Walt Seng / Associated Press
South side of the 6500 block of Hollywood Boulevard
Fred Rogers was a gentle giant of public television who encouraged children's imaginations, confronted their fears and assured them in every episode of "Mister Rogers' Neighborhood" that "I like you just the way you are."
Produced from 1968 to 2001, "Mister Rogers" was the Public Broadcasting Service's longest-running program. It has been analyzed by social scientists, who praise its ability to calm children and stimulate creativity, and satirized by such comics as Eddie Murphy and Robin Williams, whose spoofs confirmed its influence.
In 1951, after graduating magna cum laude from Rollins College in Winter Park, Fla., Rogers was hired by NBC in New York as an assistant producer of "The Voice of Firestone" and the "NBC Television Opera." He later became floor director of "Your Lucky Strike Hit Parade" and the "Kate Smith Hour."
In 1953 he made a decision that astounded his NBC colleagues: He was quitting the network for a job in Pittsburgh to launch WQED, the first community-sponsored public television station.
Within a year, he was writing and producing the hourlong "Children's Corner" in partnership with a friend, Josie Carey, the show's host. Rogers remained behind the camera to work a handful of homely puppets — including boastful King Friday, troublesome Lady Elaine and timid Daniel Tiger, the same ones that would inhabit his later show.
Rogers was ordained by the United Presbyterian Church in 1963 and charged with the mission of using the media to help families and children. The result put Rogers in front of the camera in a 15-minute daily program for the Canadian Broadcasting Corp. Called "Misterogers," it was picked up in Pittsburgh in 1964; the next year, the Eastern Educational Network bought 100 shows.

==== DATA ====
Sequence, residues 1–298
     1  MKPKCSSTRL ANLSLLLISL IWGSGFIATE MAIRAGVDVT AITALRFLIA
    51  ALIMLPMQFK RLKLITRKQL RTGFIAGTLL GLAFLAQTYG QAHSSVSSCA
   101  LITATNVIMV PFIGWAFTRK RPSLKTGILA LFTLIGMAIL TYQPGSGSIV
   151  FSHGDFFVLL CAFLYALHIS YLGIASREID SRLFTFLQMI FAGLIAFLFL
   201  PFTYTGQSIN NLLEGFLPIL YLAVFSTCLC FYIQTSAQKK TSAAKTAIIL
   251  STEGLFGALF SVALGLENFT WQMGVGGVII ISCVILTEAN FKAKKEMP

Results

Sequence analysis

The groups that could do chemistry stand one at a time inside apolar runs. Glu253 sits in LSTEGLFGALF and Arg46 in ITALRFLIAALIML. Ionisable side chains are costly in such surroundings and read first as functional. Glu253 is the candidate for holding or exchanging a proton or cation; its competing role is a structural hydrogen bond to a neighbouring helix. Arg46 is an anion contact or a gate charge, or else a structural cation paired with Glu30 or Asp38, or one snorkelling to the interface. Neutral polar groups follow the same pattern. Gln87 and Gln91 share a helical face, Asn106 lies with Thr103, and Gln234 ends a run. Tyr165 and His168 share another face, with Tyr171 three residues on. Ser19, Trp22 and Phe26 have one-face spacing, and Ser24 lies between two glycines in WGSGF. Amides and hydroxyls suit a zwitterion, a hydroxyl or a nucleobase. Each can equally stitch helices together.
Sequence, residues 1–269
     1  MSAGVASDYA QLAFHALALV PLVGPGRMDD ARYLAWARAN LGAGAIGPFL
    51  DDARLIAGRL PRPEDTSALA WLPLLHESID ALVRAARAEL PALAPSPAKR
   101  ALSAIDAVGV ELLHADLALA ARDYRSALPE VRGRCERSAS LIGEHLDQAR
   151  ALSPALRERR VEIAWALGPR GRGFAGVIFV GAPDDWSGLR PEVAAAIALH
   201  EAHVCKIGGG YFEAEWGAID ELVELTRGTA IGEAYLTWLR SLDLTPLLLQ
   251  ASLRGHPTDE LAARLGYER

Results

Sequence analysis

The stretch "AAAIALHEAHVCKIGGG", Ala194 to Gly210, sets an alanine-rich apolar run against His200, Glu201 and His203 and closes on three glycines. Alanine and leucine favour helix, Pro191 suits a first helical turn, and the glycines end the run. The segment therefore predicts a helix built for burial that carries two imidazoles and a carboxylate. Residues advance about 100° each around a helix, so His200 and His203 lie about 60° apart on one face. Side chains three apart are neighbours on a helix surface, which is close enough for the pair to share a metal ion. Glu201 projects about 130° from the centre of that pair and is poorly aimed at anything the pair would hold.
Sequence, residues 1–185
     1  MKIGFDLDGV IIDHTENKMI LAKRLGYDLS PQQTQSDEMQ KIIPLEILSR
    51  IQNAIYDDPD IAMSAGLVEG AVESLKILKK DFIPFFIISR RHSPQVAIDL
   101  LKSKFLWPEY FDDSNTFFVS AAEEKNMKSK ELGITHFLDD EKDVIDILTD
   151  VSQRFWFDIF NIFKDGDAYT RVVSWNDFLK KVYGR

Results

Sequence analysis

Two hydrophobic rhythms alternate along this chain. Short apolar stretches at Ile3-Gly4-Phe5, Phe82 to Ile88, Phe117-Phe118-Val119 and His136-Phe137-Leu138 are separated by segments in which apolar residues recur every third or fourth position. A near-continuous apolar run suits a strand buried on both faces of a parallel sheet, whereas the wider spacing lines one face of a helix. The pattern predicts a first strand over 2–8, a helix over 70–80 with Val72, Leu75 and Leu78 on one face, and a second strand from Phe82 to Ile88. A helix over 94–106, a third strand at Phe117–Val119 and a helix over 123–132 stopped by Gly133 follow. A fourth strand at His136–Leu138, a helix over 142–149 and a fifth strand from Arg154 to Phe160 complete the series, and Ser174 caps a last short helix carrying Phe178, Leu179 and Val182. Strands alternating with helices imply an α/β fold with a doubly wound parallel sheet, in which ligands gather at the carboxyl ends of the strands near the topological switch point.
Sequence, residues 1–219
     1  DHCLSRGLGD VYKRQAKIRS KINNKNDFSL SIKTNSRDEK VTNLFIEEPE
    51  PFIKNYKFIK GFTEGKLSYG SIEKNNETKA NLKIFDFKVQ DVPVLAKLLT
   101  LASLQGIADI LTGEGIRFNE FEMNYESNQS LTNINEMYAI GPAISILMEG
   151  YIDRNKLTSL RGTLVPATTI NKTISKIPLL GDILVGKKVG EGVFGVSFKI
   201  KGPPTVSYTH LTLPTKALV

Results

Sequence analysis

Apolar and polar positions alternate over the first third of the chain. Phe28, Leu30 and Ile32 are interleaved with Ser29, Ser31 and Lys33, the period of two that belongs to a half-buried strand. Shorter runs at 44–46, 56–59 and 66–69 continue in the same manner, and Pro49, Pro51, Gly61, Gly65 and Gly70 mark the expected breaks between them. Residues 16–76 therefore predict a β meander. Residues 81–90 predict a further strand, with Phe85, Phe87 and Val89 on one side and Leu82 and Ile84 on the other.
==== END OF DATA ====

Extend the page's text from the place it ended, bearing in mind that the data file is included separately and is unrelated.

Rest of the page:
When Sears agreed to finance a half-hour version of the program for public television in the U.S., the show became "Mister Rogers' Neighborhood."
After the program premiered Feb. 19, 1968, Rogers became a celebrity. When he came to Los Angeles to make an appearance at KCET, the station had room for 200 people; 6,000 clamored for tickets.
The kudos streamed in — and never stopped.
In 2000, after five Emmys and three decades of writing nearly 1,000 scripts and doing the puppet voices, he decided to tape the last new episode of "Mister Rogers' Neighborhood."
The last original installment of the show aired in August 2001, with no special fanfare.
He hung up his sweater at the end, as he always did, saying, "I like being your television neighbor." With a wave and a gentle smile, he went out the door.
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